See also Steve Kupferman's Torontoist report. Kupferman suggests that Ford overspent a $1.3 million dollar limit by forty thousand dollars.
Mayor Rob Ford's 2010 election campaign broke the law, an official audit has found.
Ford may face non-criminal charges. If he is found guilty of violating the Municipal Elections Act, he could be fined or removed from office.
Severe penalties for campaign finance violations are rare in Ontario, and the elections law gives the courts more leeway in sentencing than the conflict of interest law Ford was previously accused of violating.
The audit is now in the hands of the city's compliance audit committee. The committee, composed of three non-politician experts, will decide at an upcoming meeting whether to take no further action or to begin legal proceedings.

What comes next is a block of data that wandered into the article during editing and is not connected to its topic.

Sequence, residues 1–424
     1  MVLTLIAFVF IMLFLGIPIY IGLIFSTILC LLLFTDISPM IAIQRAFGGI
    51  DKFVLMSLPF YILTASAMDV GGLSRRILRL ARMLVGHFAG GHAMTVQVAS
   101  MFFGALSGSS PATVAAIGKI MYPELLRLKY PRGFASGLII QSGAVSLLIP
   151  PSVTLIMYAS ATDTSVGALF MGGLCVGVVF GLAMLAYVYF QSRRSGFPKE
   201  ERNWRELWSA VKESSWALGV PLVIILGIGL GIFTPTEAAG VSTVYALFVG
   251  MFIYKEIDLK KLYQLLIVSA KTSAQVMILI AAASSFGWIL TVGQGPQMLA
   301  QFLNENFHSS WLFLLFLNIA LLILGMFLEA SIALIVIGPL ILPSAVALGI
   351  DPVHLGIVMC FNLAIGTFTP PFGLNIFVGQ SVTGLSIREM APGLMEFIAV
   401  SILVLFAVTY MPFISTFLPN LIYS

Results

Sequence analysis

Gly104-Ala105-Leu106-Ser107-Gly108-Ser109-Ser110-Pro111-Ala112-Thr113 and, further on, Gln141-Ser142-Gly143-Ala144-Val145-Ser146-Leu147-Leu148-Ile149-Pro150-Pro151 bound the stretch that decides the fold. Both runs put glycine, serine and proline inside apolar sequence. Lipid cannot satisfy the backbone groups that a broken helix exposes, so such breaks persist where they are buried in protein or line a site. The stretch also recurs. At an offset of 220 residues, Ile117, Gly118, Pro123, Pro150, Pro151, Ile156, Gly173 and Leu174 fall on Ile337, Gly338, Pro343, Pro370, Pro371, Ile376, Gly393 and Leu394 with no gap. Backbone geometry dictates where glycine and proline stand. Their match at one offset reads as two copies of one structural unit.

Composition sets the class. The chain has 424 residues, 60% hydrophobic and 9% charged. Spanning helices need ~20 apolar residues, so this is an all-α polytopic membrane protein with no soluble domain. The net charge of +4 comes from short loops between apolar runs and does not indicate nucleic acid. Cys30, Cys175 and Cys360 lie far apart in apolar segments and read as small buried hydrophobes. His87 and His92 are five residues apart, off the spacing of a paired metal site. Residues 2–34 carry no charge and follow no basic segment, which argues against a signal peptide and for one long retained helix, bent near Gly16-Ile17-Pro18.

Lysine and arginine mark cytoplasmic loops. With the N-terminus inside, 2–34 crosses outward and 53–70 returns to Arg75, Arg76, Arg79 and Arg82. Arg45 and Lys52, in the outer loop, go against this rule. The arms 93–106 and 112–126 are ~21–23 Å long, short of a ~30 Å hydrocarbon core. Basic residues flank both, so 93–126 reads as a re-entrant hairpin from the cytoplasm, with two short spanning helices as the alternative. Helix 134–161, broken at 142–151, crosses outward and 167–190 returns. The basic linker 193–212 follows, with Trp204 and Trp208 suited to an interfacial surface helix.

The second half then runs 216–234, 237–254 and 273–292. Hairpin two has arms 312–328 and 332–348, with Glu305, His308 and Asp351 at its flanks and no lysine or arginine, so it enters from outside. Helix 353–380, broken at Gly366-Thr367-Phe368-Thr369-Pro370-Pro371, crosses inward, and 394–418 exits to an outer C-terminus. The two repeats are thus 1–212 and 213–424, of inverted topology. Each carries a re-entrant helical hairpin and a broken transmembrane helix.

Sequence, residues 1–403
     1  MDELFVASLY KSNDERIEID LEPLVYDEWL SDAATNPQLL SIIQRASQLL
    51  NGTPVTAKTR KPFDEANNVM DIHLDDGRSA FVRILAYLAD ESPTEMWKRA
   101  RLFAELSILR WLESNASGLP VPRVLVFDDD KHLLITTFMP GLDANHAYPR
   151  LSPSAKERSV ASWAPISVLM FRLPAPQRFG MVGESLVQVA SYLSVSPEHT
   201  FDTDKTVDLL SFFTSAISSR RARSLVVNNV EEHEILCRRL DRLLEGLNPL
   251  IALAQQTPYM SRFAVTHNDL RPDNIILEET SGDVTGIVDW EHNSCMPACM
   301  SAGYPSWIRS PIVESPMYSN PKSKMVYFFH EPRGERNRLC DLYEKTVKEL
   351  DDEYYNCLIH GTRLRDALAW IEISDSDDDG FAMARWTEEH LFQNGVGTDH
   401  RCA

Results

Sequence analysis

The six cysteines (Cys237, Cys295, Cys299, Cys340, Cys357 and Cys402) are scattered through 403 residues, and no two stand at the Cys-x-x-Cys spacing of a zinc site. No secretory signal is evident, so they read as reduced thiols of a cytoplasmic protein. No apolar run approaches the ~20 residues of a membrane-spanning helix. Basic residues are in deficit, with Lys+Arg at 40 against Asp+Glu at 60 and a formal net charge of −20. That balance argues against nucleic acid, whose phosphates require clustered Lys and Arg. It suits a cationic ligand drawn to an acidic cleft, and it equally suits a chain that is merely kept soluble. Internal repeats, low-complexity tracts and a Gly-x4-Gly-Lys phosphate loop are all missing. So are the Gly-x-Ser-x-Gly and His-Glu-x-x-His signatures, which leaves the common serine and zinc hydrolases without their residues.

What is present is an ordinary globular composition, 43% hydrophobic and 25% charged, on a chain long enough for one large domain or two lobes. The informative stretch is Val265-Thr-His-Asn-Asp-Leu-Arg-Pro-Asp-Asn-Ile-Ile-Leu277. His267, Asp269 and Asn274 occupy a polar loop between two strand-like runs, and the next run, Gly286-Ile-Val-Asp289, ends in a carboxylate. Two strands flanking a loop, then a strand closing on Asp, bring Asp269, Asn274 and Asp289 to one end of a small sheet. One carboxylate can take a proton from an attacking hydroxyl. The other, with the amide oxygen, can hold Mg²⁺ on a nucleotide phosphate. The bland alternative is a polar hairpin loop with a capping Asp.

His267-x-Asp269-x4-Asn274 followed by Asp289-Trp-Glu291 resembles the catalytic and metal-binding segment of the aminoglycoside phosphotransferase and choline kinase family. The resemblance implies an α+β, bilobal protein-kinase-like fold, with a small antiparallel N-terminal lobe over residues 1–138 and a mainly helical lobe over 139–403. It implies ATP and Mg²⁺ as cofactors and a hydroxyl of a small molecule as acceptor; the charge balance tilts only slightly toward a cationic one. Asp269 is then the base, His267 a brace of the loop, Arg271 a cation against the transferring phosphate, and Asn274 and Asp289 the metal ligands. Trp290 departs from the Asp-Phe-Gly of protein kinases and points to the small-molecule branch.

If the committee chooses to proceed, the city will hire a special prosecutor. That prosecutor, likely a lawyer in private practice, will decide whether to lay charges. Ford will have the option of plea bargaining.
Regardless of the eventual outcome, the audit findings cast another shadow over Ford’s tumultuous mayoralty — and one that may linger. Any court case could well continue into the 2014 campaign. The special prosecutor could take months just to make a decision on which charges to pursue.
The audit was conducted by Froese Forensic Partners and released Friday. The three compliance audit committee members are chair Douglas Colbourne, a chartered accountant and former chair of the Ontario Municipal Board; John Hollins, former chief electoral officer for Elections Ontario; and Virginia MacLean, a municipal lawyer based in Oakville.